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Of course, this idealistic view has since proven flawed. However, it remains helpful in understanding the context in which Adam Smith and others wrote in favor of what would become capitalism, and for today of som Very good summary of the intellectual currents that lead from the early Christian view that the pursuit of money is less than virtuous, to the view that pursuit of self-interest in the form of commerce is beneficial to human freedom by its necessary restraint on the power of the state.

However, it remains helpful in understanding the context in which Adam Smith and others wrote in favor of what would become capitalism, and for today of some of capitalism’s benefits at least for those who get money.

It also raises the issue that as capital is threaten, so too may be liberty, as those with capital prefer law and order over freedom. Written inin my mind it raises interesting questions about the future of the developing world, especially China, and for America as the economic future of the Middle Class continues to be threatened. Nov 23, Said Abuzeineh rated it really liked it.

Dec 31, Franz rated it it was amazing.

This short book was thw in the bibliographies of many books I’ve read, so I thought it was time to read it.

Hirschman argues that capitalism developed as a means by the rising merchant class of the late middle ages to check the nearly tyrannical powers of the local aristocracy. Money making was a frowned upon activity, with avarice being sinful.

Commerce, however, appealed to the rational interests of merchants and traders, and as their wealth and influence grew they counteracted the unruly Interess short book was included in the bibliographies of many books I’ve read, so I thought it was time to read it.

Commerce, however, appealed to the rational interests of merchants and traders, and as their wealth and influence grew they counteracted the unruly passions of the feudal leaders. The hope of theorists of the early modern period was that this would result in the wider spread of prosperity, resulting in far less wealth inequality.

Rational interests would overcome spontaneous passions; for a short time it did. Alas, however, by hirachman time Adam Smith writes his classics, he had united interests and passions again; under the influence of the passions, people’s interests were no longer satisfied with modest results–instead of being socially discouraged, avarice become an acceptable, indeed worthy, goal.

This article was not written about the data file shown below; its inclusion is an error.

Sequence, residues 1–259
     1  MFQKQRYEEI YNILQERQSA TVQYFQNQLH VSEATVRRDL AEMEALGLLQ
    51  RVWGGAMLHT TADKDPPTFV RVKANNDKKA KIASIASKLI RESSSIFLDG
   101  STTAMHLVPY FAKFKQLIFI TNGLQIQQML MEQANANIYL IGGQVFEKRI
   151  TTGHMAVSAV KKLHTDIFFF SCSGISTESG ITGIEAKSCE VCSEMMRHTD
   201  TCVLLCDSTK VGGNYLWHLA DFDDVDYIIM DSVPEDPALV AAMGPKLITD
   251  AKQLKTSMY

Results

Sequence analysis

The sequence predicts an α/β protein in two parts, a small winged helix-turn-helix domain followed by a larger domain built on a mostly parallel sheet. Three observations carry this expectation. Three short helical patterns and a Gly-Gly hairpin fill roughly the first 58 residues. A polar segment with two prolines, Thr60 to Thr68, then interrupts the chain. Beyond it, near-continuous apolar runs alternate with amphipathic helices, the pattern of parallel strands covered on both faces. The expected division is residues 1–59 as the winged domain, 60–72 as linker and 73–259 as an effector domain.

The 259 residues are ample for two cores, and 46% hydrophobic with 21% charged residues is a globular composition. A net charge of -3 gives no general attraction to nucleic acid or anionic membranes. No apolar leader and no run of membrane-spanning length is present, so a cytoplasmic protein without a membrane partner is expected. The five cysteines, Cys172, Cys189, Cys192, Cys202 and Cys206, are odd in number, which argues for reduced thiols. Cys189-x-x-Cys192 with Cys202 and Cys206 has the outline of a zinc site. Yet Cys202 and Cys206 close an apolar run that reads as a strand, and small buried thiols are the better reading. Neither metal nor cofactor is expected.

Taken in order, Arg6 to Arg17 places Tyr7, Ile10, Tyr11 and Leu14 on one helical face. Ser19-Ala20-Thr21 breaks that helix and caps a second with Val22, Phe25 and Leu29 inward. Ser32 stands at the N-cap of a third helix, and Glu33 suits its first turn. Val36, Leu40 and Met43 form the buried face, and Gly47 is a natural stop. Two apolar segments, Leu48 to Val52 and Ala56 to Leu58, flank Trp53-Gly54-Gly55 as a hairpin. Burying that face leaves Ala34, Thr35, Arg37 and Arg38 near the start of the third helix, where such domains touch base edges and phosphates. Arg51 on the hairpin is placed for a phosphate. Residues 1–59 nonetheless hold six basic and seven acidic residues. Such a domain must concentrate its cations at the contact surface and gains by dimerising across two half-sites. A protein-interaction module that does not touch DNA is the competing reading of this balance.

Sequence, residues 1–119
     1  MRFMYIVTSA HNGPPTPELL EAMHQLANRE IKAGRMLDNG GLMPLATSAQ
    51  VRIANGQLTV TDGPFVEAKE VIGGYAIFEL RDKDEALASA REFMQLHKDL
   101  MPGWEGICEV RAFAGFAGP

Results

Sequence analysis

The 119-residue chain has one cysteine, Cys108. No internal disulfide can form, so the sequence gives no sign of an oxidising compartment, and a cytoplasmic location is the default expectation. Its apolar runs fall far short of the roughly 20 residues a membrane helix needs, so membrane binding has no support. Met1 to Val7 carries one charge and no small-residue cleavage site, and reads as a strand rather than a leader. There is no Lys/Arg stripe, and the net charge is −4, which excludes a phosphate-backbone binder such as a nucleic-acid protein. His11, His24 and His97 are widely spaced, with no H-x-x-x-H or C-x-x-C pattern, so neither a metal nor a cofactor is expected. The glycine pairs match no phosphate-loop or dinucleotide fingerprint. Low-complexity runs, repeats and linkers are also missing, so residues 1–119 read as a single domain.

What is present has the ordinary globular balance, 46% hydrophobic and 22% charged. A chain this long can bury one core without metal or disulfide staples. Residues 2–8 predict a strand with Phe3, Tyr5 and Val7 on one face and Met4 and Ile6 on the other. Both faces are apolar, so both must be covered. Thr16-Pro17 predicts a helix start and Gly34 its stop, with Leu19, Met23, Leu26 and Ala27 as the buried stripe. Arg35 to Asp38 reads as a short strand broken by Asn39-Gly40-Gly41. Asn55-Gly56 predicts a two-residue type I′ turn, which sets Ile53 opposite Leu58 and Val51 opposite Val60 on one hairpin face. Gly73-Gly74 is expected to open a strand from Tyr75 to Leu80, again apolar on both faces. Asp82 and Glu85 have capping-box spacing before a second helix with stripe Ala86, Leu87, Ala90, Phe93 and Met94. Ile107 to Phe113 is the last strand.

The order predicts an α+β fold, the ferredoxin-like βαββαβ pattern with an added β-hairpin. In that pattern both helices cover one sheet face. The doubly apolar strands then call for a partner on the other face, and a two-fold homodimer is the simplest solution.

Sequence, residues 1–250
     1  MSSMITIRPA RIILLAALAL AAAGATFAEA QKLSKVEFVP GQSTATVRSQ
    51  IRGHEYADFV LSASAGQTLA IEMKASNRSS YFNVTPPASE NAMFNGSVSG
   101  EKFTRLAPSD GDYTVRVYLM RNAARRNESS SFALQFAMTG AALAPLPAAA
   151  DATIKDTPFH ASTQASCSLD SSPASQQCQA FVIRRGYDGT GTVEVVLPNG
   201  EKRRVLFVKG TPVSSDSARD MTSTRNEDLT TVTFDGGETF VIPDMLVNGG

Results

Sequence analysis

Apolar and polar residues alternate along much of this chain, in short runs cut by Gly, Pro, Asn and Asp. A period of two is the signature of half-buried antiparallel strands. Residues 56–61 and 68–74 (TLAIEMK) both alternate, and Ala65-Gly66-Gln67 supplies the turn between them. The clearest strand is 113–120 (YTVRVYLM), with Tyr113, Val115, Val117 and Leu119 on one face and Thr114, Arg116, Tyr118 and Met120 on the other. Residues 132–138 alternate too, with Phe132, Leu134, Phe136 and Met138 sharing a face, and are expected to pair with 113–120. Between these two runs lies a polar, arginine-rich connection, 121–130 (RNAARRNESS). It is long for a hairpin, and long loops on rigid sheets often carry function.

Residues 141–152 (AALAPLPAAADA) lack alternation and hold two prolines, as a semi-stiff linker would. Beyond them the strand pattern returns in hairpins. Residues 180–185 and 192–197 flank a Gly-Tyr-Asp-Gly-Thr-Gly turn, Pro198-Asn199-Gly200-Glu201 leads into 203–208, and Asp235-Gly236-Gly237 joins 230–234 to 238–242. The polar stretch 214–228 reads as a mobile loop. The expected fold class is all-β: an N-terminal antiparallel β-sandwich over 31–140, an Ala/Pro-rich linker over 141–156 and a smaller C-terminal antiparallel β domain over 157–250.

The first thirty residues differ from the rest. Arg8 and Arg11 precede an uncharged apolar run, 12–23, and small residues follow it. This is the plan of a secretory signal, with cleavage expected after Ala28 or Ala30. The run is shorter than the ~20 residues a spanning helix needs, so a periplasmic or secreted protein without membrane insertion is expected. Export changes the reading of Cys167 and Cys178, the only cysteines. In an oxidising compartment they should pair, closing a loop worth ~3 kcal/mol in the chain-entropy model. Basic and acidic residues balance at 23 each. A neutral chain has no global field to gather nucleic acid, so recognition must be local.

Instead of balancing the greed of the powerful with the sober and relatively modest merchants of what became the middle class, capitalism has become what it had once knterests A wonderful analysis with insights derived from the study pwssions Machiavelli, Hume, Bacon, Spinoza, Smith, Montesquieu, and others from the Scottish Enlightenment and the French physiocrats. Nov 07, Jacob Vorstrup rated it liked it.

Understanding Society: Hirschman on the passions

I Enjoyed Hirschman’s analysis, which, however, is quite narrow in its scope and is elucidated very early. This essentially means that the rest of the tje is him reiterating the more or less same argument through the eyes of Montesquieu, Hitschman, Smith etc.: Capitalism thus sprung out of a dire necessity to deal with a war-mongering aristocracy and their inferior gove I Enjoyed Hirschman’s analysis, which, however, is quite narrow in its scope and is elucidated very early.

Capitalism thus sprung out of a dire necessity to deal with a war-mongering aristocracy and their inferior governance. The most nad part is probably when he discusses how alienation and a loss of autonomy was the crucial argument of the philosophers when emphasising the need for a vastly expanded commercial sector – they desired what has become a key capitalist critique later on.

Oh, and skip the Sen foreword, that was a complete waste of time.

The afterword is nice though. Dec 03, Muhtadi Faiaz rated it really liked it. If anyone wants to read a well-written book which summarizes the developments in economic philosophy before 20th century through a coherent narrative, this is the book for you!

It was fascinating to see how economics evolved from seeing ‘passions and interests’ as the worst side of human beings, which should always be kept in check; to using the passion of greed and self-interest as a force which triumphs other ‘harmful’ passions and thus helps people to live ‘good’ lives. The model, most econom If anyone wants to read a well-written book which summarizes the developments in economic philosophy before 20th century through a coherent narrative, this is the book for you!

The model, most economic philosophers followed before 20th century, involved this ‘fight’ between different passions and interests of human beings. In this framework, capitalism was justified by showing how capitalism, harnessing the power of self-interest and greed, can dominate other harmful passions and lead human society to progress.